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Home / Crop

How to control yellow aphids in sugarcane crop

Traders hawk sugarcane cutting to commuters in a vehicle at Keumbu Market along Kisii Nairobi Highway. Keumbu Market is one famous market stocked with farm produce from local farmers to passengers en-route to Nairobi and other towns. A small stack of sugarcane retails here at Sh20. [Photos Sammy Omingo/standard]

Yellow aphids —a ferocious pest — are giving farmers in sugarcane growing areas sleepless nights. The sugarcane aphid which also attacks sorghum, is capable of causing substantial damage to the crop if left unmanaged.

However, with timely management, its effects can be minimised. Once sugarcane has emerged, it is recommended to scout the fields at least once a week for signs of the aphid.

Once aphids are found, fields should be scouted 2-3 times a week. Sugarcane aphids excrete honeydew, a sticky, shiny substance on the lower leaves, which is often the first sign of a sugarcane aphid infestation.


Feeding initially results in yellowing and reddening of leaves, depending on host plant and temperature. Prolonged feeding can lead to premature senescence of leaves and plant or stalk (sugarcane) death.

Yield reductions usually occur due to feeding damage to early plant growth stages, including reduced tillering. Cultivated crops known to host include maize, rice, sorghum and sugarcane.

Yellow sugarcane also reproduces on lawn and pasture grasses. Loss of plant sap, caused by the sugarcane aphids feeding on the leaves, takes away nutrients from the plant that would otherwise be utilised for plant health.

Sugarcane aphid feeding, along with black sooty mold and other secondary diseases, eventually cause the leaves to turn yellow and die. The result is often stunted growth. Depending on the growing region and growth stage, growers are encouraged to treat for aphids as soon as the action threshold is reached.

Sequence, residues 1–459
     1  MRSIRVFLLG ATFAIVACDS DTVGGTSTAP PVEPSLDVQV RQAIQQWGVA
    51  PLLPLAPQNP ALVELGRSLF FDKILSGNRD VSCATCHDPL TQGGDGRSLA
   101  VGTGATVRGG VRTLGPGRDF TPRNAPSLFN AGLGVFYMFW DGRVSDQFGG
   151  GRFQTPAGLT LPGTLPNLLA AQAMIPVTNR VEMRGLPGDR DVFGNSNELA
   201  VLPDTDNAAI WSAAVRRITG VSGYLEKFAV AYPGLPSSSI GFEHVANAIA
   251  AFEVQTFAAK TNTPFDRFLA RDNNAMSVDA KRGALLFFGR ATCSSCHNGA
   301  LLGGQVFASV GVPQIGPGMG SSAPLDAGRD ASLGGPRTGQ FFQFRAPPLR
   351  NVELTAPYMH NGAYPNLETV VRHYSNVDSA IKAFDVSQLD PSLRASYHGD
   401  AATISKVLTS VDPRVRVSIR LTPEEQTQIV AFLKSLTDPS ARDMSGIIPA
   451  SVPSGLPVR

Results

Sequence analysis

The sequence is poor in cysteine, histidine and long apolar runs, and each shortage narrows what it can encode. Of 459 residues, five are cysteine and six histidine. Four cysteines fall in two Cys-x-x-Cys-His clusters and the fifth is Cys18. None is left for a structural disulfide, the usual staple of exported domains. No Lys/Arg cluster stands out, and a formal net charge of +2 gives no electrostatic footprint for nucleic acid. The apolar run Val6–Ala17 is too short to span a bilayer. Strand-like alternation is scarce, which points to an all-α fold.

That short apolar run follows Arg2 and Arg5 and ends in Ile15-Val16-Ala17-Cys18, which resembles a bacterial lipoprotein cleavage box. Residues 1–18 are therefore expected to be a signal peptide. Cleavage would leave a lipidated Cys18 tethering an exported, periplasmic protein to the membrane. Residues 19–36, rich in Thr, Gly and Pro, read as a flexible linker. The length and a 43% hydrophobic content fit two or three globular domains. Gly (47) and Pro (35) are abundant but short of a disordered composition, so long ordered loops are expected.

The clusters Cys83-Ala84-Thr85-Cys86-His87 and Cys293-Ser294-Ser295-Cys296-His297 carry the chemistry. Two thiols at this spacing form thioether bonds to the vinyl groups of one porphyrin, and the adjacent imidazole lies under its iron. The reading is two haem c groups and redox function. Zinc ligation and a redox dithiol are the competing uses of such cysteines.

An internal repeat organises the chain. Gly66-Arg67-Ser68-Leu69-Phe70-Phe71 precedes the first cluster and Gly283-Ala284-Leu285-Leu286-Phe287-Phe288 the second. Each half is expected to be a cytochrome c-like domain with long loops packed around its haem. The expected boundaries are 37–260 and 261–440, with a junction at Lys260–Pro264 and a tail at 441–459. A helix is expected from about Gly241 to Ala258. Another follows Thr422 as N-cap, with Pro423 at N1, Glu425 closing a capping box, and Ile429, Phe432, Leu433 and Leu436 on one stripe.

A general guideline is to apply an insecticide when 25 per cent of the plants have been infested with 50 aphids per leaf, but there are specific threshold levels suggested for different growing stages and geographical regions. Local experts should be consulted. Regardless of the threshold level used, it is critical that insecticide application occurs as soon as possible to avoid severe loss.

Insecticide use

Applications targeting lower infestation levels are likely to be more effective and prevent an escalating population of aphids that will be much more difficult to control. Try spraying cold water on the leaves. Sometimes all aphids need is a cool blast to dislodge them. Typically, they are unable to find their way back to the same plant. 

Studies suggest that aphids are relatively difficult to control with standard aphid insecticides. Use of pyrethroid is not recommended because they are not effective. This is because, they may lead to aphid resurgence due to their negative effect on aphid natural enemies (lady beetles, minute pirate bugs, wasp parasitoids). Controlling sugarcane aphids should include a management system that facilitates beneficial insects, including pollinators, as well as appropriate timing of insecticides. Two effective products in controlling the aphids are Sivanto Prime by Bayer Crop Science and Transform WG by Dow Agro Sciences.

One of the benefits of both is they are not harmful to beneficial insects, which is important for the control of sugarcane aphids.

Care should be taken in adding other insecticides to the mix that could be harmful to beneficial insects.

Additionally, movement of Sivanto prime and Transform in the plant is minimal, making coverage essential for adequate control. Regardless of the product used, good spray coverage is important. Control may be improved by ensuring that the undersides of the leaves are well covered.

[The writer is an expert in sustainable agriculture]

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